Before understanding what is an adjoint of a matrix, let’s recall what is a matrix and related terms. In linear algebra, a matrix is an ordered rectangular array of numbers or functions. The numbers or functions are called the elements or the entries of the matrix. A matrix having m rows and n columns is called a matrix of order m × n or m × n matrix. However, matrices can be classified based on the number of rows and columns in which elements are arranged. In this article, you will learn about the adjoint of a matrix, finding the adjoint of different matrices, and formulas and examples.

## Adjoint of a Matrix Definition

The adjoint of a square matrix $A=[a_{ij}]_{n\times n}$ is defined as the transpose of the matrix $[A_{ij}]_{n\times n}$, where $A_{ij}$ is the cofactor of the element $a_{ij}$. In other words, the transpose of a cofactor matrix of the square matrix is called the adjoint of the matrix. Adjoint of the matrix A is denoted by $adj\ A$. This is also known as adjugate matrix or adjunct matrix.

It is necessary to find the adjoint of a given matrix to calculate the inverse matrix. This can be done only for square matrices.

## Adjoint of a Matrix Formula

Formula for the adjoint of a matrix can be derived using the cofactor and transpose of a matrix. However, it is easy to find the adjugate matrix for a 2 x 2 matrix. Let’s have a look at the formulas and procedure of finding the adjoint matrix for a given matrix.

## Adjoint Of a Matrix 2 x 2

Let A be the 2 x 2 matrix and is given by:

$\large A=\begin{bmatrix} a_{11} & a_{12}\\ a_{21} & a_{22} \end{bmatrix}$

Then, the adjoint of this matrix is:

$\large adj\ A=\begin{bmatrix} A_{11} & A_{21}\\ A_{12} & A_{22} \end{bmatrix}$

Here,

A11 = Cofactor of a11

A12 = Cofactor of a12

A21 = Cofactor of a21

A22 = Cofactor of a22

Alternatively, the adj A can also be calculated by interchanging a11 and a22 and by changing signs of a12 and a21. This can be shown as: Learn how to find the cofactor of elements of a matrix here.

## Adjoint Of a Matrix 3 x 3

Consider a 3 x 3 matrix as:

$A=\begin{bmatrix} a_{11} & a_{12} & a_{13}\\ a_{21} & a_{22} & a_{23}\\ a_{31} & a_{22} & a_{33} \end{bmatrix}$

The adjugate of this matrix is given by:

$\large adj\ A=\begin{bmatrix} A_{11} & A_{12} & A_{13}\\ A_{21} & A_{22} & A_{23}\\ A_{31} & A_{22} & A_{33} \end{bmatrix}^T = \begin{bmatrix} A_{11} & A_{21} & A_{31}\\ A_{12} & A_{22} & A_{32}\\ A_{13} & A_{23} & A_{33} \end{bmatrix}$

Here,

$\begin{bmatrix} A_{11} & A_{12} & A_{13}\\ A_{21} & A_{22} & A_{23}\\ A_{31} & A_{22} & A_{33} \end{bmatrix}$ is the cofactor matrix of A.

The above formula can be expanded as: Alternatively, we can find the cofactors of the matrix using the formula,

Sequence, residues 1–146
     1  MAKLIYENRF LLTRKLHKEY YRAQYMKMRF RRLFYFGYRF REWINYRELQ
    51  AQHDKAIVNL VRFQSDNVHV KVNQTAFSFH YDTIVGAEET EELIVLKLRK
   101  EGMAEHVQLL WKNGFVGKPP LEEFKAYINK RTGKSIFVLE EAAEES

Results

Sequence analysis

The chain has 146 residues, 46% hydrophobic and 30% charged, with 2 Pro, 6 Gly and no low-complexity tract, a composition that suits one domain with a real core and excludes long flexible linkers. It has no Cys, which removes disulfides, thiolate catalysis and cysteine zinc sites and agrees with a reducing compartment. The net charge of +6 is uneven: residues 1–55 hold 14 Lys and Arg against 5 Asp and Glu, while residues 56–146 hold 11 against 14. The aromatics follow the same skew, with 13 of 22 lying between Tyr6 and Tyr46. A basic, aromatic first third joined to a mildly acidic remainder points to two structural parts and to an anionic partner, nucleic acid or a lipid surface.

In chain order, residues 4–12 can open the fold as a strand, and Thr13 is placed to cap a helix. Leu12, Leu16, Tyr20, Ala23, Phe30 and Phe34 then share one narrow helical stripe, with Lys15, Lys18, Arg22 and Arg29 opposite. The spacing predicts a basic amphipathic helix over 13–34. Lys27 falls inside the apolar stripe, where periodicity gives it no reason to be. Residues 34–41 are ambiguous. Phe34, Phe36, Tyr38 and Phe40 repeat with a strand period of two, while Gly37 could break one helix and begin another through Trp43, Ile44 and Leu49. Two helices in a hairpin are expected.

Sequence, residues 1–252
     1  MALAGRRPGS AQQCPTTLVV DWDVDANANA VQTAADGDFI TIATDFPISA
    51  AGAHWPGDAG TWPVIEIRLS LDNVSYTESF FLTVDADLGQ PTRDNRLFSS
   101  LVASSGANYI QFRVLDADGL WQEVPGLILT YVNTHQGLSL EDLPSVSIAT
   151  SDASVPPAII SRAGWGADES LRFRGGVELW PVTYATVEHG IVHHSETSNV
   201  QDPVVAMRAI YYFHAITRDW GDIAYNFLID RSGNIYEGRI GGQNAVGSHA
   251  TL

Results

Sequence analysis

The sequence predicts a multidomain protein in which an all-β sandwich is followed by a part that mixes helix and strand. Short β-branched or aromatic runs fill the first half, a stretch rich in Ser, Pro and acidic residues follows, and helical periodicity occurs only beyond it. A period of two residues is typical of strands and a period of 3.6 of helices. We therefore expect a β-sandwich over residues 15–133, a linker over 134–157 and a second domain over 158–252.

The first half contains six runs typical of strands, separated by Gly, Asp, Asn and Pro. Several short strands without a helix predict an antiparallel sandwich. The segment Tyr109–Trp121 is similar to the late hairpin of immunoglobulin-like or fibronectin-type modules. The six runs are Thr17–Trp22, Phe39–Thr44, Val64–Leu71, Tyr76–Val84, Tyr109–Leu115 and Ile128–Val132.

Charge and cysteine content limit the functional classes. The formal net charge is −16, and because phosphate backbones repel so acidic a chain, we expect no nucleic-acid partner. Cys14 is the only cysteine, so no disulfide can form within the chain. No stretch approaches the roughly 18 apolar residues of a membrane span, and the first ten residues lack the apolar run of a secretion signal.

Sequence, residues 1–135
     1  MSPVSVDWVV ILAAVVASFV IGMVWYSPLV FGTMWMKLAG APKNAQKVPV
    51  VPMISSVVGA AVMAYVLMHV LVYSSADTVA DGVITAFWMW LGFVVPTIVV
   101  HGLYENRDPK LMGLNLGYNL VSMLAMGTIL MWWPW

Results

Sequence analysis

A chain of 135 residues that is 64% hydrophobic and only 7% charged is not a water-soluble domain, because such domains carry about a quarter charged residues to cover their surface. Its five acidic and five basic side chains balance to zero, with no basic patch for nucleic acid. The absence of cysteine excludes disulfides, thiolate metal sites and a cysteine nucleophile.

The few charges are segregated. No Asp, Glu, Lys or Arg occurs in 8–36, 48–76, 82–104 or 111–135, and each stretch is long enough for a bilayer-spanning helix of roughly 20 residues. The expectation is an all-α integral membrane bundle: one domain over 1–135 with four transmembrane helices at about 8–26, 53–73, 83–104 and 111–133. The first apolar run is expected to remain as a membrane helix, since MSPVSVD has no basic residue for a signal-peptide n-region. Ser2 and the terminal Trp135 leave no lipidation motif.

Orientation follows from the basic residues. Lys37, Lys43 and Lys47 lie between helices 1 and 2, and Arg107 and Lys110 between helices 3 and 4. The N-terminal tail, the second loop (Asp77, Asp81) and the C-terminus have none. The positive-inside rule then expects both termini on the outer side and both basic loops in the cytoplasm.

Cofactor of the element aij = Cij = (−1)i+j det(Mij)

Where, det(Mij) is called the minor of aij.

### How To Calculate The Adjoint of a Matrix

We can also write the general formula to find the adjugate of a matrix of order n x n. Let A be the matrix of order n x n, then its adjugate matrix can be written as:

$\large A = \begin{bmatrix} a_{11} & a_{12} & …. & a_{1n}\\ a_{21} & a_{22} & …. & a_{2n}\\ : & : & …. & :\\ : & : & …. & :\\ a_{n1} & a_{n2} & …. & a_{nn} \end{bmatrix}$

Now, the adjoint of this matrix is:

$\large adj\ A = Transpose\ of\ \begin{bmatrix} A_{11} & A_{12} & …. & A_{1n}\\ A_{21} & A_{22} & …. & A_{2n}\\ : & : & …. & :\\ : & : & …. & :\\ A_{n1} & A_{n2} & …. & A_{nn} \end{bmatrix}=\begin{bmatrix} A_{11} & A_{21} & …. & A_{n1}\\ A_{12} & A_{22} & …. & A_{n2}\\ : & : & …. & :\\ : & : & …. & :\\ A_{1n} & A_{2n} & …. & A_{nn} \end{bmatrix}$

Here, A11, A12,…, A21, A22,…., Ann are the cofactors of the elements a11, a12,…, a21, a22,….,ann respectively.

### Adjoint of a Matrix Properties

Some of the important properties of adjugate matrices are listed below.

If A be any given square matrix of order n, we can define the following:

• A(adj A) = (adj A) A = A I, where I is the identity matrix of order n
• For a zero matrix 0, adj(0) = 0
• For an identity matrix I, adj(I) = I
• If A is an invertible matrix and A-1 be its inverse, then:

adj A is invertible with inverse (det A)-1 A

• Suppose A and B are two matrices of order n, then adj(AB) = (adj B)(adj A)
• If A is invertible, then the above formula also holds for negative k.

## Adjoint of a Matrix Examples

Example 1:

Find the adjoint of the matrix $A =\begin{bmatrix} 2 & 3\\ 1 & 4 \end{bmatrix}$.

Solution:

Given,

$A =\begin{bmatrix} 2 & 3\\ 1 & 4 \end{bmatrix}$

Here, a11 = 2, a12 = 3, a21 = 1 and a22 = 4.

So the cofactors are:

A11 = a22 = 4

A12 = -a12 = -3

A21 = -a21 = -1

A22 = a11 = 2

Therefore, $adj\ A =\begin{bmatrix} 4 & -3\\ -1 & 2 \end{bmatrix}$.

Example 2:

Calculate the adjoint of the matrix $adj\ A =\begin{bmatrix} 1 & -1 & 2\\ 2 & 3 & 5\\ 1 & 0 & 3 \end{bmatrix}$.

Solution:

Given,

$adj\ A =\begin{bmatrix} 1 & -1 & 2\\ 2 & 3 & 5\\ 1 & 0 & 3 \end{bmatrix}$

Let Cij be the cofactor of the element aij in matrix A.

Now, the cofactors of the elements of the first row are: Cofactors of second row elements are: Cofactors of third row elements are: The cofactor matrix of A $=\begin{bmatrix} 9 & -1 & -3\\ 3 & 1 & -1\\ -11 & -1 & 5 \end{bmatrix}$

Therefore,

$adj\ A=\begin{bmatrix} 9 & 3 & -11\\ -1 & 1 & -1\\ -3 & -1 & 5 \end{bmatrix}$

The below practice problems based on the adjoint matrix help in better understanding of the concept.

### Adjoint of a Matrix Questions

1. Find the adjoint of the matrix $X=\begin{bmatrix} 1 & 2 & 3\\ 0 & 2 & 4\\ 0 & 0 & 5 \end{bmatrix}$.
2. What is the adjugate matrix of $A=\begin{bmatrix} 1 & 1 & 1\\ 1 & -2 & 3\\ 3 & -1 & 4 \end{bmatrix}$?
3. Calculate the adjoint of $A=\begin{bmatrix} -1 & 5\\ 0 & 3 \end{bmatrix}$.

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